US Pharm. 2022;47(3):59-60.
Method of Preparation: Calculate the required quantity of each ingredient for the total amount to be prepared. Accurately weigh or measure each ingredient. Dissolve all of the ingredients in sufficient purified water to final volume and mix well. Package in a calibrated nasal-spray container that delivers 0.1 mL per squeeze (i.e., activation).
Use: This preparation is used in the treatment of moderate-to-severe pain. The dose is easily adjusted depending on the number of activations, or squeezes, administered.
Packaging: Package in tight, light-resistant containers.
Labeling: Keep out of reach of children. Discard after ____ [time period].
Stability: A beyond-use date of up to 30 days may be used for this formulation as a topical preparation.1
Quality Control: Quality-control assessment can include weight/volume, pH, specific gravity, active drug assay, color, clarity, rheologic properties/pourability, physical observation, physical stability (discoloration, foreign materials, gas formation, mold growth), and preservative-effectiveness test.2,3
Discussion: Morphine sulfate has been used for decades to treat moderate-to-severe pain. The advantage of this dosage form is that the dose to be administered can be easily changed based on the number of squeezes of the calibrated nasal-spray container.
Morphine sulfate ((C17H19NO3)2·H2SO4·5H2O, MW 758.83) is a phenanthrene-derivative opiate agonist used in the treatment of severe acute pain or moderate-to-severe chronic pain. It is odorless and occurs as white, feathery, silky crystals; cubical masses of crystals; or a white, crystalline powder. Morphine sulfate gradually loses water of hydration when exposed to air, and it darkens on prolonged exposure to light. Morphine sulfate is soluble in water, freely soluble in hot water, and slightly soluble in alcohol. It is available as injections, solutions, suppositories, and tablets, and as extended-release oral capsules and tablets.1
Benzalkonium chloride is a bactericidal antimicrobial agent commonly used as a preservative in many ophthalmic, otic, nasal, and parenteral formulations. It occurs as a white or yellowish-white amorphous powder, a thick gel, or gelatinous pieces/flakes with a characteristic mild aromatic odor, soapy touch, and very bitter taste. Benzalkonium chloride is highly soluble in water, alcohol, and acetone. It is hygroscopic, and a 10% w/v aqueous solution has a pH in the range of 5 to 8. Benzalkonium chloride is composed of a mixture of straight-chain homologues that possess different physical, chemical, and microbiologic properties. The proportions of these homologues in the mixture determine its effectiveness as a preservative and disinfectant. As a preservative in ophthalmics, benzalkonium chloride is used in concentrations from 0.004% to 0.02%, with the 0.01% concentration being common.1,4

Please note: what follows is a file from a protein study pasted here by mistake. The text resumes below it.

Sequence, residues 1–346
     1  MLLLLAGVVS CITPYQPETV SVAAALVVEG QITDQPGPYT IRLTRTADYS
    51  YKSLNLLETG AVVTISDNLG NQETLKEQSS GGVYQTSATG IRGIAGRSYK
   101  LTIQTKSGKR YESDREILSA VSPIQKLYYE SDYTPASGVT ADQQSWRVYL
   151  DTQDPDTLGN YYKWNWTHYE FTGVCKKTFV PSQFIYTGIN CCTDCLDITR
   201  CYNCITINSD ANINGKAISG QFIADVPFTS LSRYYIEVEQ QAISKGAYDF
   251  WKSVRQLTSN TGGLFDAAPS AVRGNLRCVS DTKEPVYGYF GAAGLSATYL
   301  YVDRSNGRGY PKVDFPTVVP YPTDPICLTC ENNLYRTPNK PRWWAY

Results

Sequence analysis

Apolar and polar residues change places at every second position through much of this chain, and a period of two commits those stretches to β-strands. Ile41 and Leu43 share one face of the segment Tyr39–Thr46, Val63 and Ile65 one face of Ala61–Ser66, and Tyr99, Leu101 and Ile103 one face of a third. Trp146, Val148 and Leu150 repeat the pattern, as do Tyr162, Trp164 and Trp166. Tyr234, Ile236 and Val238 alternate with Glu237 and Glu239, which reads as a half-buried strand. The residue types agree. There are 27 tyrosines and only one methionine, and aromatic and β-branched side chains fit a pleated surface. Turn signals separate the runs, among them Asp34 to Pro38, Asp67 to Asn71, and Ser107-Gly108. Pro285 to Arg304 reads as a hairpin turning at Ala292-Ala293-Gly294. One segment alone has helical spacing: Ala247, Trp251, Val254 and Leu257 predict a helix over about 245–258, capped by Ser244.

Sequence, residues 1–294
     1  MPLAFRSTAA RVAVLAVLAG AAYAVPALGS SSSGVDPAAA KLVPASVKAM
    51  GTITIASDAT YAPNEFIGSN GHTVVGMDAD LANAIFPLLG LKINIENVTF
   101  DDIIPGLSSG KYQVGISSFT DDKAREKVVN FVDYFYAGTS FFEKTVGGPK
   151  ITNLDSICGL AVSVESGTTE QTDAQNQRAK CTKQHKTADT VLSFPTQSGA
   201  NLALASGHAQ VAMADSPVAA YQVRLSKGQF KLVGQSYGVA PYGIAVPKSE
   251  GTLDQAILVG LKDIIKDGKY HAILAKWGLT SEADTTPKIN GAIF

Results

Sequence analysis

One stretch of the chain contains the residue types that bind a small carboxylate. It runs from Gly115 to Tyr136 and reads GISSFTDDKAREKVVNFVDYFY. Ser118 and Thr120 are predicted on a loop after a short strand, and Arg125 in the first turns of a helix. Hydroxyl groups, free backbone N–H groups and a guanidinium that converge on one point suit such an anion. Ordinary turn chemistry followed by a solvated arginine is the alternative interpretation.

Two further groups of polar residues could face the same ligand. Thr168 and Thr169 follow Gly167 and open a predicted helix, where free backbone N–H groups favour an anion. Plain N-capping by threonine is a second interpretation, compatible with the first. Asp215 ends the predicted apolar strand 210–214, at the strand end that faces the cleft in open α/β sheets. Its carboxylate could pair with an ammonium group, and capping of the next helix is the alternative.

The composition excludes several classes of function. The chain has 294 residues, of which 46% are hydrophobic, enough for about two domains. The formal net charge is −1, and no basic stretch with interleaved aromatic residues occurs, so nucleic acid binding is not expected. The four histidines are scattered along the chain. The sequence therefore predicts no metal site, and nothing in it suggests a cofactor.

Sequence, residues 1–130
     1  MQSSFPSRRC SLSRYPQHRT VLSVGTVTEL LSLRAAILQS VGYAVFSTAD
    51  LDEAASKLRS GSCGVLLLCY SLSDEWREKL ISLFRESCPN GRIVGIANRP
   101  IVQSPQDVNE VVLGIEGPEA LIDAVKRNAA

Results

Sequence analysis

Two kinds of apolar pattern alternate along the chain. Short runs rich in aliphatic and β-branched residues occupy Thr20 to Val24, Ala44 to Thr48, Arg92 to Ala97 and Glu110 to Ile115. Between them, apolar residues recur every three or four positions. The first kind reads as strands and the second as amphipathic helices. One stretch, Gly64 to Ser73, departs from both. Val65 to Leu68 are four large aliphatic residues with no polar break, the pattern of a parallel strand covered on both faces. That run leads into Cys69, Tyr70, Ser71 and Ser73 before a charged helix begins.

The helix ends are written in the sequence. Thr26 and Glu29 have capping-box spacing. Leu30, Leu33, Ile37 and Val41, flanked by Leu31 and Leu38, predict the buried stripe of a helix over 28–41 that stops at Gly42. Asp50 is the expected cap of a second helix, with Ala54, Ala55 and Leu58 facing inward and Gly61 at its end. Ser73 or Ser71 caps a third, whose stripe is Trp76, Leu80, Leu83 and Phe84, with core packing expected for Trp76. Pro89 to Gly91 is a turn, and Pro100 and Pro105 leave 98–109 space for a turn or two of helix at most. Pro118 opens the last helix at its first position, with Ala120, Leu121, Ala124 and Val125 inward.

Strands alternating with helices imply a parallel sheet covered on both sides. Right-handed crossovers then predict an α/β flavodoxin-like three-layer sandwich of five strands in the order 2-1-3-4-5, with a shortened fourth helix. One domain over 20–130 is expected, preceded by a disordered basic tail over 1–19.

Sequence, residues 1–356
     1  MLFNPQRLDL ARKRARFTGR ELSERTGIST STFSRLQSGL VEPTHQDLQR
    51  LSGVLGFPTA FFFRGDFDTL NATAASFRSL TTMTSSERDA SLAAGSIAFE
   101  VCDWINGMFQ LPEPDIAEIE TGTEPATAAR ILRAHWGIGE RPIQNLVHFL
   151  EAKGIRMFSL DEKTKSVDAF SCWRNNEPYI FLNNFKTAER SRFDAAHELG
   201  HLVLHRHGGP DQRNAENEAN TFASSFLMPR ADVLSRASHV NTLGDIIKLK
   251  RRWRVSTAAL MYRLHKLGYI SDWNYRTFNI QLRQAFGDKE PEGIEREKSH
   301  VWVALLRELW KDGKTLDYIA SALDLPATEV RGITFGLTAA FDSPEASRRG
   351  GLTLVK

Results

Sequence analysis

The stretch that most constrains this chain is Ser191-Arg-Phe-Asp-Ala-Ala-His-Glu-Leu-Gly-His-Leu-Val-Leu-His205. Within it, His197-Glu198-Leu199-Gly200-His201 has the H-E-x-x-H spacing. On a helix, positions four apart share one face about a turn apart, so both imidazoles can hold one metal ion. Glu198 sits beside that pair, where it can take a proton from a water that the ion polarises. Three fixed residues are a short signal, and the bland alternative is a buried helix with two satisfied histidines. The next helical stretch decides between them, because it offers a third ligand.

Sodium chloride (NaCl, MW 58.44) is available as a white, crystalline powder and colorless crystals with a saline taste. It is used in a variety of parenteral and nonparenteral pharmaceutical formulations. In parenteral, ophthalmic, and nasal preparations, sodium chloride is used to prepare isotonic solutions. It is also used as a capsule diluent and as a lubricant; to control drug release from some microcapsules and to control micelle size; and to adjust the viscosity of some polymer dispersions by altering the ionic character of the formulation. The pH of a saturated solution ranges from 6.7 to 7.3, and it is soluble in water (1 g in 2.8 mL), glycerin (1 g in 10 mL), and 95% ethanol (1 g in 250 mL). A 0.9% w/v aqueous solution is iso-osmotic with serum, and its solutions are stable.5
Purified water is water that is obtained by distillation, ion exchange, reverse osmosis, or another suitable process. Water has a specific gravity of 0.9971 at room temperature, a melting point of 0°C, and a boiling point of 100°C. It is miscible with most polar solvents and is chemically stable in all physical states (ice, liquid, and steam).6
1. U.S. Pharmacopeia/National Formulary [current revision]. Rockville, MD: U.S. Pharmacopeial Convention, Inc; February 2022.
2. Allen LV Jr. Summary of quality-control testing for sterile and nonsterile compounded preparations, part 1: physical and chemical testing. IJPC. 2019;23(3):211-216.
3. Allen LV Jr. Summary of quality-control testing for sterile and nonsterile compounded preparations, part 2: microbiological testing. IJPC. 2019;23(4):299-303.
4. Kibbe AH, Quinn ME. Benzalkonium chloride. In: Sheskey PJ, Hancock BC, Moss GP, Goldfarb DJ, eds. Handbook of Pharmaceutical Excipients. 9th ed. London, England: Pharmaceutical Press; 2020:132-135.
5. Watters M. Sodium chloride. In: Sheskey PJ, Hancock BC, Moss GP, Goldfarb DJ, eds. Handbook of Pharmaceutical Excipients. 9th ed. London, England: Pharmaceutical Press; 2020:945-949.
6. Dubash D, Shah U. Water. In: Sheskey PJ, Hancock BC, Moss GP, Goldfarb DJ, eds. Handbook of Pharmaceutical Excipients. 9th ed. London, England: Pharmaceutical Press; 2020:1111-1115.
The content contained in this article is for informational purposes only. The content is not intended to be a substitute for professional advice. Reliance on any information provided in this article is solely at your own risk.
To comment on this article, contact firstname.lastname@example.org.